Critics’ Picks

View of “Subtile,” 2011.

Milan

Piero Fogliati

Galleria Monopoli
via Giovanni Ventura 6
September 15–October 31, 2011

Despite two appearances at the Venice Biennale (in 1978 and 1986) and his 2003 retrospective in Turin, Piero Fogliati remains a relatively unknown artist, nearly absent from the market and unfamiliar to the wider public. Thus it is surprising and pleasing to see that a new Milan gallery is presenting “Subtile,” a selection of his older works, including seven kinetic sculptures that produce sound and light effects, almost all created between 1966 and 1976. A group of drawings on view, made between 1973 and the present, make the show even more delightful.

Much early kinetic art has not aged well; its ingenuous infatuation with technology and obsolete motors makes it as current for contemporary tastes as, say, academic nineteenth-century painting. (Like the latter, it is fascinating for some only because it is so old.) Fogliati’s sculptures are an exception, because they favor immateriality, an art of light and sound, for which their austere hardware is only the support. They are the results of Fogliati’s extravagant and visionary intelligence. Glancing at his works’ titles, one could surmise as much: Macchina per produrre fantasmi (Machine for Producing Ghosts), 1965; Ambiente di scultura di vento (Wind Sculpture Environment), 1970; Edicola delle apparizioni (Kiosk of Apparitions), 1986; or, to choose from two of the works on view here: Fiore sibilante (Hissing Flower), 1966, which is a metal rod that rotates, producing a hissing sound of variable intensity, and a version of his Fleximofono, 2002, a sculpture-cum–musical instrument composed of steel springs, which he devised in 1967.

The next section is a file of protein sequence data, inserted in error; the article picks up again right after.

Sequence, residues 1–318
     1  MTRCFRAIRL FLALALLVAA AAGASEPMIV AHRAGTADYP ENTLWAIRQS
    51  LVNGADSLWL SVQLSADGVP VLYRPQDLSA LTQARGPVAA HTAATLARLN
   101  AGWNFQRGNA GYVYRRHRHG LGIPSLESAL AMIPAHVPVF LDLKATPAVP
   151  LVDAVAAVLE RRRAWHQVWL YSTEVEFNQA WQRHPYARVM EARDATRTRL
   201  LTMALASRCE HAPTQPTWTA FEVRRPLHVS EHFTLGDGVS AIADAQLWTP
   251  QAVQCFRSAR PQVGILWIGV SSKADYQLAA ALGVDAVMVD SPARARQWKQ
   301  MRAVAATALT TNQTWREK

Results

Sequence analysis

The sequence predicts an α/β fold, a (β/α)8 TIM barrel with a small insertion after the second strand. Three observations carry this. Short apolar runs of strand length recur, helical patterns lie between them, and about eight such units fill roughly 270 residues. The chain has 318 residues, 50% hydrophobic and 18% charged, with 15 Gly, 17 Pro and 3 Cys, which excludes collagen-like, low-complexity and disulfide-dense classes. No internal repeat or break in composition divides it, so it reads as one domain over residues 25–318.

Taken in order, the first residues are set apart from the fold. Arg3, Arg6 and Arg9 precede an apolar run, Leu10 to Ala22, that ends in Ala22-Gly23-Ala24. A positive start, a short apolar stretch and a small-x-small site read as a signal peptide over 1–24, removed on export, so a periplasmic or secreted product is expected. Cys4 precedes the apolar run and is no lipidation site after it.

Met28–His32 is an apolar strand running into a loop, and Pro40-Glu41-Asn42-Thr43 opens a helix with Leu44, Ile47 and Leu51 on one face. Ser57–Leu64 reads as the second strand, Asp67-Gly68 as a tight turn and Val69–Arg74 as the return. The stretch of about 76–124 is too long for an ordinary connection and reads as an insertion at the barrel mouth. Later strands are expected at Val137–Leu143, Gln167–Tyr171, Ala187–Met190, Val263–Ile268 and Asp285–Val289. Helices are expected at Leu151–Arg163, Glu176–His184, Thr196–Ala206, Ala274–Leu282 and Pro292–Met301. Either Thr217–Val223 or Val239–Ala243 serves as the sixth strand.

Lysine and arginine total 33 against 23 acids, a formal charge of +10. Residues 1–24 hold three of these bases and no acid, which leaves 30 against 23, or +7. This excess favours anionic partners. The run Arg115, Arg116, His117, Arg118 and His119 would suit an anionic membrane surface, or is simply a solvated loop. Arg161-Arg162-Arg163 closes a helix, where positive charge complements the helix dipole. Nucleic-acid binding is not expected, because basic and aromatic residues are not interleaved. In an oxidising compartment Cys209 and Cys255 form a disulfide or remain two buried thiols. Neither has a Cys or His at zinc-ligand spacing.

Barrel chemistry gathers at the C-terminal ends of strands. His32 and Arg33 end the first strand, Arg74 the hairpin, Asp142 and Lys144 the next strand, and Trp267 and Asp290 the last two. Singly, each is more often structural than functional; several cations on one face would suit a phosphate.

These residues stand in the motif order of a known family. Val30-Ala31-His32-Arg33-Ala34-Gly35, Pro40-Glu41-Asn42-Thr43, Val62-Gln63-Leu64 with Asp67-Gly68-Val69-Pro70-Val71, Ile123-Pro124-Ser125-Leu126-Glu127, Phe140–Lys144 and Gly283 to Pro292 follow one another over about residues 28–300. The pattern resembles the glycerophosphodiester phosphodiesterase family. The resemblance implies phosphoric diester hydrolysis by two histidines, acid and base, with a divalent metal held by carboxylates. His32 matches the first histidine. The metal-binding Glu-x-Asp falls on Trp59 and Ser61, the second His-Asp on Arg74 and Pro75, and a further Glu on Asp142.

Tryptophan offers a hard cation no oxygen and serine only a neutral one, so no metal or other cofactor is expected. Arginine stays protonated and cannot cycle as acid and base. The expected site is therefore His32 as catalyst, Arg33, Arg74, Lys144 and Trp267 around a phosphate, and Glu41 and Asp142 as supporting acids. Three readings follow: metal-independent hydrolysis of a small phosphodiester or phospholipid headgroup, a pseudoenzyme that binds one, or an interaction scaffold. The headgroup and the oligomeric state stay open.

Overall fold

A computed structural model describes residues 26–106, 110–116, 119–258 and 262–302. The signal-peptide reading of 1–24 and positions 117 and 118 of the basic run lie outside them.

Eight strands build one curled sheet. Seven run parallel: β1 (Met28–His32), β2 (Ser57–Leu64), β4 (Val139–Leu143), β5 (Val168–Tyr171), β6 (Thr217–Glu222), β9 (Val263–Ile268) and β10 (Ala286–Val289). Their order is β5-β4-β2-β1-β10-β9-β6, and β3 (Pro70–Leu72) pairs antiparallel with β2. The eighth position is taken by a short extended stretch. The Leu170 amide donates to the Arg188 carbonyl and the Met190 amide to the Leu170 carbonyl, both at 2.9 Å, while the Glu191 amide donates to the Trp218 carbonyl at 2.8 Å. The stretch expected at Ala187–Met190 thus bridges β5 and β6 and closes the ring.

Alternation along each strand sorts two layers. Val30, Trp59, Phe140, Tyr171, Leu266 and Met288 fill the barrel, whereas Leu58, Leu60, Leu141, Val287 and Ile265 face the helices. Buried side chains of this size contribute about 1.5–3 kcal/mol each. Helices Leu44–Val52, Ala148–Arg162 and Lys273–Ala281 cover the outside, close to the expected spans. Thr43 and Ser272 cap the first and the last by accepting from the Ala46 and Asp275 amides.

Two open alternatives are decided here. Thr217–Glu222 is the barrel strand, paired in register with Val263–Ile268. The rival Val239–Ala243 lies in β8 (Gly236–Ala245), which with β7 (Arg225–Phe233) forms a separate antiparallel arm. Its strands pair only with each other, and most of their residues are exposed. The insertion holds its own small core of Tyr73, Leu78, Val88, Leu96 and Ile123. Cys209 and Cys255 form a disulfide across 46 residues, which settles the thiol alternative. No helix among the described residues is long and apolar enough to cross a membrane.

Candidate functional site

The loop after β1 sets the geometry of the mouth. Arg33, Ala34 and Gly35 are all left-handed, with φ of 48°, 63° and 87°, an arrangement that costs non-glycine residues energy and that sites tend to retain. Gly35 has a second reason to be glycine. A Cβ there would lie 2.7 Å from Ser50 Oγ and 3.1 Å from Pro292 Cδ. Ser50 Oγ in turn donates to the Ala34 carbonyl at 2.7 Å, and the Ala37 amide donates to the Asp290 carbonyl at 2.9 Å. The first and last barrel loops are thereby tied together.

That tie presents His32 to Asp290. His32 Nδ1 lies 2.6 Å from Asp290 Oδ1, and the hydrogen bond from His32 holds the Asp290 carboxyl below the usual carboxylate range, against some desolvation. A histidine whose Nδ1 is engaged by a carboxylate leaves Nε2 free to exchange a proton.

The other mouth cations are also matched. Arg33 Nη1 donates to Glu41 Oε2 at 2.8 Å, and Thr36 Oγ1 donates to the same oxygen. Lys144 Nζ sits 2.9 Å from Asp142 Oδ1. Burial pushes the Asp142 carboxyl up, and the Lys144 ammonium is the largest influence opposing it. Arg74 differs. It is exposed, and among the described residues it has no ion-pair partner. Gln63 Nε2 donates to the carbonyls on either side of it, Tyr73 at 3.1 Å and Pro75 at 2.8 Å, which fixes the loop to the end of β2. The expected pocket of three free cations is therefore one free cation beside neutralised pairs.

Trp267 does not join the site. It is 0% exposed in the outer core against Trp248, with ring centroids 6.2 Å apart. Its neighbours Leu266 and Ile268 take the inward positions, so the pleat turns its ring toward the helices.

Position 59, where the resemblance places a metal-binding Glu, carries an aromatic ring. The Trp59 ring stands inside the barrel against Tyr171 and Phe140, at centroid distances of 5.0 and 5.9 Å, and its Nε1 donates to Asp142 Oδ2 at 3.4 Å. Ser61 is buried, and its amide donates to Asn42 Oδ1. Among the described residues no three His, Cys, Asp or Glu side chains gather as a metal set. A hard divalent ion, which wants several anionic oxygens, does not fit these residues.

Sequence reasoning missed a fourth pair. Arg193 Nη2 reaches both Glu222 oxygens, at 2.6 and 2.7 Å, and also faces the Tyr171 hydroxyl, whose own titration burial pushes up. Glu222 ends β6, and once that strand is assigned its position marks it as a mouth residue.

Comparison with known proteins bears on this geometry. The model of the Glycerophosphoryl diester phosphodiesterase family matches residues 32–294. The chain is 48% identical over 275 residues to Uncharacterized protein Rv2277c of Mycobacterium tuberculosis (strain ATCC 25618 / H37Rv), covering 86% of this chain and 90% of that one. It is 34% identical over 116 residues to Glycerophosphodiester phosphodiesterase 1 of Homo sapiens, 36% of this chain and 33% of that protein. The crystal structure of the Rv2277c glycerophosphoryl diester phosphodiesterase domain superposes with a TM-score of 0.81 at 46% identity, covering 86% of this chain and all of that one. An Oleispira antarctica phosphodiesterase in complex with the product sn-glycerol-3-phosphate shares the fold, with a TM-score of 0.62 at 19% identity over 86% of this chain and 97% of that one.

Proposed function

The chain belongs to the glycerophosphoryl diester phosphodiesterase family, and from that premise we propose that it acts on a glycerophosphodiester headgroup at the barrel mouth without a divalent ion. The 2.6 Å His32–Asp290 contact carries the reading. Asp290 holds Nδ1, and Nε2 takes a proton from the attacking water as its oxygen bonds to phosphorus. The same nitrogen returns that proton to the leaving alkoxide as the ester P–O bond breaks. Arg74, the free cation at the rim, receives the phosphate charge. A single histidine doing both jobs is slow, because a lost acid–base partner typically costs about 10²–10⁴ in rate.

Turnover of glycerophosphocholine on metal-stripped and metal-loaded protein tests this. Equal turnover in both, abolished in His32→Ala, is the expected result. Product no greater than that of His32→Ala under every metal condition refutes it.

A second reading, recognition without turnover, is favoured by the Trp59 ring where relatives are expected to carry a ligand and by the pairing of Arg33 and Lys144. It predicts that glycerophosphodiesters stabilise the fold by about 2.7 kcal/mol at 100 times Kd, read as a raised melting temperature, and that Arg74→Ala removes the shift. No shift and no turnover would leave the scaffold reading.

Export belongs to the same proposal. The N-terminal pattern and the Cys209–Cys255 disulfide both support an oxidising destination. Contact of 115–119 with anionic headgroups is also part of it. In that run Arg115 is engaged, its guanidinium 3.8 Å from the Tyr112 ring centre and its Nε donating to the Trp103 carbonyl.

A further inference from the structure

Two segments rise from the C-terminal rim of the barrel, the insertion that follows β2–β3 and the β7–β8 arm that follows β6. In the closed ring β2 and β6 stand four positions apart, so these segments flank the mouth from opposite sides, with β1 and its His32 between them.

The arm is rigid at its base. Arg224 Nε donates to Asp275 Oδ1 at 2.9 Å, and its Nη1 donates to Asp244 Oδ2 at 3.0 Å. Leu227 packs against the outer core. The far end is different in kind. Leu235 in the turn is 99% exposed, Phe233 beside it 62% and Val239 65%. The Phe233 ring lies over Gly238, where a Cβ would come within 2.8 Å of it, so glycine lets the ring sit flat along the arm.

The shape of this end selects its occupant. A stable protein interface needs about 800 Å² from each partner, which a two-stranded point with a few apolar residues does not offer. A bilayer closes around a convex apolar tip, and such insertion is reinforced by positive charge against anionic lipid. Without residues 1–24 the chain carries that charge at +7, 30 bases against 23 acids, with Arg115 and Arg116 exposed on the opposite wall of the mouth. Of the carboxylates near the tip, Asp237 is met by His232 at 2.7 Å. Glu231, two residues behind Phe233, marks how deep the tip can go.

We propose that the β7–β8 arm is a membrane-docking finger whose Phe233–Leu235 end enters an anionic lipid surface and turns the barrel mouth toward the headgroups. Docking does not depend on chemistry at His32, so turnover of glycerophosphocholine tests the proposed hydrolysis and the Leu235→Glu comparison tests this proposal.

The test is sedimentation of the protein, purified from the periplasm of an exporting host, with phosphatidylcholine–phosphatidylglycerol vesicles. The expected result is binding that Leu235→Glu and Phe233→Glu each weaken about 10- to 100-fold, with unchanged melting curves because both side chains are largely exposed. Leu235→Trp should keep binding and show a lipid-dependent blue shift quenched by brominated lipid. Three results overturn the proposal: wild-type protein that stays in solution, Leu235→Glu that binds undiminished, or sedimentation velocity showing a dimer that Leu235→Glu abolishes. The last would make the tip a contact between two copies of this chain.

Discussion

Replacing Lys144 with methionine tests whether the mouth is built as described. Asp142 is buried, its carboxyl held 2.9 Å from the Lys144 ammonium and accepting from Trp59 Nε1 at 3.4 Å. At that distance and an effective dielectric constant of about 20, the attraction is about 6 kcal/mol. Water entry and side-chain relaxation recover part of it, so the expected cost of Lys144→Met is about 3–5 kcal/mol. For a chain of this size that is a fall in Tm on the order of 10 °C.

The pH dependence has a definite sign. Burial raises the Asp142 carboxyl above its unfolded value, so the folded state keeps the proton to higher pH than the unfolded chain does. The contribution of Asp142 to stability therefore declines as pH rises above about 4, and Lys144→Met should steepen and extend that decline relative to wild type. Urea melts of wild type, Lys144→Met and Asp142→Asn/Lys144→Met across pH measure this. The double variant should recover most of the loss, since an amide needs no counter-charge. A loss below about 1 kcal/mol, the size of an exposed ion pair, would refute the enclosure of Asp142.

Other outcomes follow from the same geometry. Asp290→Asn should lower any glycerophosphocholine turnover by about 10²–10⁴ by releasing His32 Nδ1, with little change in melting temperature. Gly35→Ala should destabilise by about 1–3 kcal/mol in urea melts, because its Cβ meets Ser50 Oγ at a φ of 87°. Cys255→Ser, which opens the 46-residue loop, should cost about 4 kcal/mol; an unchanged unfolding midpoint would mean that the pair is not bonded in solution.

These are playful, fanciful machines, reminiscent of a particular 1922 painting that Paul Klee made when he was teaching at the Bauhaus (one of Fogliati’s important influences). Depicting four filiform birds, or automatons, perched on a crank, the painting bears the title Twittering Machine, which could easily pertain to a work by Fogliati.

Translated from Italian by Marguerite Shore.